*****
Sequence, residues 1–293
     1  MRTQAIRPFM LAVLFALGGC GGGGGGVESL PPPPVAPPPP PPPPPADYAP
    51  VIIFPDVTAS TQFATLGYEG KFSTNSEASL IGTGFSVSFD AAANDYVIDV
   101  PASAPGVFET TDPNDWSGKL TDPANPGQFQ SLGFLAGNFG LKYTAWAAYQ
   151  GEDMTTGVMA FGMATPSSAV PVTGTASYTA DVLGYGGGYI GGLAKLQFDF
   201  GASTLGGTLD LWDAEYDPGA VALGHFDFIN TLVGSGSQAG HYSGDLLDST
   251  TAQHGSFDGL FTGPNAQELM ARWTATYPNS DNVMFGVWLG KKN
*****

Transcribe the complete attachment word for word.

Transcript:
Sequence, residues 1–293
     1  MRTQAIRPFM LAVLFALGGC GGGGGGVESL PPPPVAPPPP PPPPPADYAP
    51  VIIFPDVTAS TQFATLGYEG KFSTNSEASL IGTGFSVSFD AAANDYVIDV
   101  PASAPGVFET TDPNDWSGKL TDPANPGQFQ SLGFLAGNFG LKYTAWAAYQ
   151  GEDMTTGVMA FGMATPSSAV PVTGTASYTA DVLGYGGGYI GGLAKLQFDF
   201  GASTLGGTLD LWDAEYDPGA VALGHFDFIN TLVGSGSQAG HYSGDLLDST
   251  TAQHGSFDGL FTGPNAQELM ARWTATYPNS DNVMFGVWLG KKN